How do your skills match up?

Read the job description carefully. Imagine what a typical day would involve. What tasks would you be required to perform? How would you interact with other people? Have you done similar things in the past? Will the skills you have enable you to do the job? Could they help bring a new perspective to the position?

 

Do you fit most of the requirements?

The requirements listed for a job are often an ideal set of qualifications and experiences the employer is looking for, but it doesn’t mean every one of them is necessary to fulfill the requirements of the position. If you have the majority of the skills listed, then don’t hesitate to apply. Qualifications can be learned. Potential is inherent in the person.

 

Think about transferable skills

The answers to the above questions will make up the body of your cover letter. Talk about the skills you have and how they can be transferred to help you excel in this role. Use them to help the hiring manager see the benefits of giving you an interview. From there it’s up to you to make the case for your potential in person.

The Potential Progression

Expanding Your Potential

A linear progression

In years gone by people could expect to pass through a natural progression in their employment careers. They’d start their job, probably somewhere near the bottom rung of the ladder. They’d good at what they did and move up. Eventually they’d develop some expertise in a specific area of that job. They might switch companies, but they’d generally continue moving up in the same field.  Finally, they’d retire.

Fast changing market

Although some people still move through their careers in much the same fashion, in today’s increasingly competitive job market, confining yourself to a single area of expertise might not be the most reliable way to create success. Most likely you will be given choices in your career. Would you like focus on a single thing, become expert and rise through the ranks quickly based on that? Or, would you like to stay where you are, build skills in a variety of things and take a little longer to move up?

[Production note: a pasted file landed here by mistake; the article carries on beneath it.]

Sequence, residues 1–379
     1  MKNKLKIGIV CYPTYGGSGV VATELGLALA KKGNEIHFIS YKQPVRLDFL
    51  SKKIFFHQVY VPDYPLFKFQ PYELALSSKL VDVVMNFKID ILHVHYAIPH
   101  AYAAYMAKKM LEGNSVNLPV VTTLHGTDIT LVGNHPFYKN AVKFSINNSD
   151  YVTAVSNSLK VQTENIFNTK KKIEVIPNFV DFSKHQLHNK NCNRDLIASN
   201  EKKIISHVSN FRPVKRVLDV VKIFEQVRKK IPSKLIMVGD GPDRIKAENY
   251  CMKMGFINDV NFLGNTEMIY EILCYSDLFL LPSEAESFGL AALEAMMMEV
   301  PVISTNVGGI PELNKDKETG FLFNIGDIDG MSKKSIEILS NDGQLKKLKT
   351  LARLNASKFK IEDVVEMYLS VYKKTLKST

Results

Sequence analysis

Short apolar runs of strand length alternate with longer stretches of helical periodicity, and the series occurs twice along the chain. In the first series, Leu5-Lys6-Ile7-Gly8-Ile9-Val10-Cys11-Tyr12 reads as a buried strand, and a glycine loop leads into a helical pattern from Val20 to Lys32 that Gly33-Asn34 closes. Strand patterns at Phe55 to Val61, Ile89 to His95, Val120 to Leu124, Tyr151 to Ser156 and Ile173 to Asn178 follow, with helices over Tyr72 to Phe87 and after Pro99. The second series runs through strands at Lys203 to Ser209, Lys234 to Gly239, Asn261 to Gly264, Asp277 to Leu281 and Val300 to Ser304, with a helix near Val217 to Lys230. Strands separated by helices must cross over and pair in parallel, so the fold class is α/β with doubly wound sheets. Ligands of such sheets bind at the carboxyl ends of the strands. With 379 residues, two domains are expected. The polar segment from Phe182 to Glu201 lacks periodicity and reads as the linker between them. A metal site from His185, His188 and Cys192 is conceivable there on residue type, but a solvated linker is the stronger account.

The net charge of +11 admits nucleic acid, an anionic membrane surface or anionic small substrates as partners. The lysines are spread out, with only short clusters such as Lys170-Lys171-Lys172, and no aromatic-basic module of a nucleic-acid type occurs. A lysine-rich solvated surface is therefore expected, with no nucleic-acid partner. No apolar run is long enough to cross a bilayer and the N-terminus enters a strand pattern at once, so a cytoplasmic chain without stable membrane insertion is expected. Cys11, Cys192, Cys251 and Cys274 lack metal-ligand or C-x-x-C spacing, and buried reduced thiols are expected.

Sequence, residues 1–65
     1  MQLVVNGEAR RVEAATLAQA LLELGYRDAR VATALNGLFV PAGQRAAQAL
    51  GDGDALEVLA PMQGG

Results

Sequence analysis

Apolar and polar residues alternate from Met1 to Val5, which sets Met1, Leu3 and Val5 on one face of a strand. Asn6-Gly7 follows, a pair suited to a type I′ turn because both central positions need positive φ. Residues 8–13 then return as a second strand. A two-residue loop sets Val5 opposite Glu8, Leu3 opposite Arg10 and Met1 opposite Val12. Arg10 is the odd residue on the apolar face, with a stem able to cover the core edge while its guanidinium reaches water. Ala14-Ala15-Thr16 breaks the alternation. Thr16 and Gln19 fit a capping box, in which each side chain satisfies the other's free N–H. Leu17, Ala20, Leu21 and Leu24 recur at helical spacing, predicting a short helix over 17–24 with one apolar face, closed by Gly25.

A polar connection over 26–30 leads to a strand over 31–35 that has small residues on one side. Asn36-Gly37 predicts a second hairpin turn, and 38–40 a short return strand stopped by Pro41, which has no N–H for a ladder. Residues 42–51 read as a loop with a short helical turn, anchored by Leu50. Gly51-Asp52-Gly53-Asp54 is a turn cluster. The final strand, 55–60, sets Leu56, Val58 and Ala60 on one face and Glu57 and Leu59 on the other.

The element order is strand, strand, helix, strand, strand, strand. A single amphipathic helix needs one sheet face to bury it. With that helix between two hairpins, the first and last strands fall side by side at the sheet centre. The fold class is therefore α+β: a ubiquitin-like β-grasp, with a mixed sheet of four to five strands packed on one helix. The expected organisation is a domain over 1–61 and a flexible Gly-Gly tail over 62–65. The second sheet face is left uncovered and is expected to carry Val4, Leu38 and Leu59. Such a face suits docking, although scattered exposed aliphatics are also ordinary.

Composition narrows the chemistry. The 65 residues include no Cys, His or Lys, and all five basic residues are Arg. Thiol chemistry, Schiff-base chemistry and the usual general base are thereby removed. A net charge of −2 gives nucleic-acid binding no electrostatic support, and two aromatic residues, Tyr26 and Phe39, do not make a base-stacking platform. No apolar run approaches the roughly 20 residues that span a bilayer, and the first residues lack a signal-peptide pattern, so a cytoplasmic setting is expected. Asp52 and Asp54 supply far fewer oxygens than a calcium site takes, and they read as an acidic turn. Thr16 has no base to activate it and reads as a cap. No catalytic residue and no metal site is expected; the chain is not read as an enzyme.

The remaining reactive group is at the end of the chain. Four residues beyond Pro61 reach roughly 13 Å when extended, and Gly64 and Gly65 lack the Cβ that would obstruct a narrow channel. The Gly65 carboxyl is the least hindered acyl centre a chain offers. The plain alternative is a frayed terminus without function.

Although in the short term it might seem like a great idea to specialize and move forward, there’s a chance you will eventually hit a plateau in regards to just how far this will get you. Or worse you might find your specific skill is no longer necessary in the market! Especially in the fast-changing world we find ourselves in now.

Expanded skill set

Instead of being complacent in your job keep tabs on what’s happening in the job market. Expand your skill set as necessary. Learn different things related to your career. Become proficient at a few of them. Stay flexible. Be ready to move into different areas as the job market demands.

All those extra skills will do you well, especially later in your career when the competition becomes even more fierce. Your progression might not be linear. It might look more like a mind map, but it will get you where you want to go!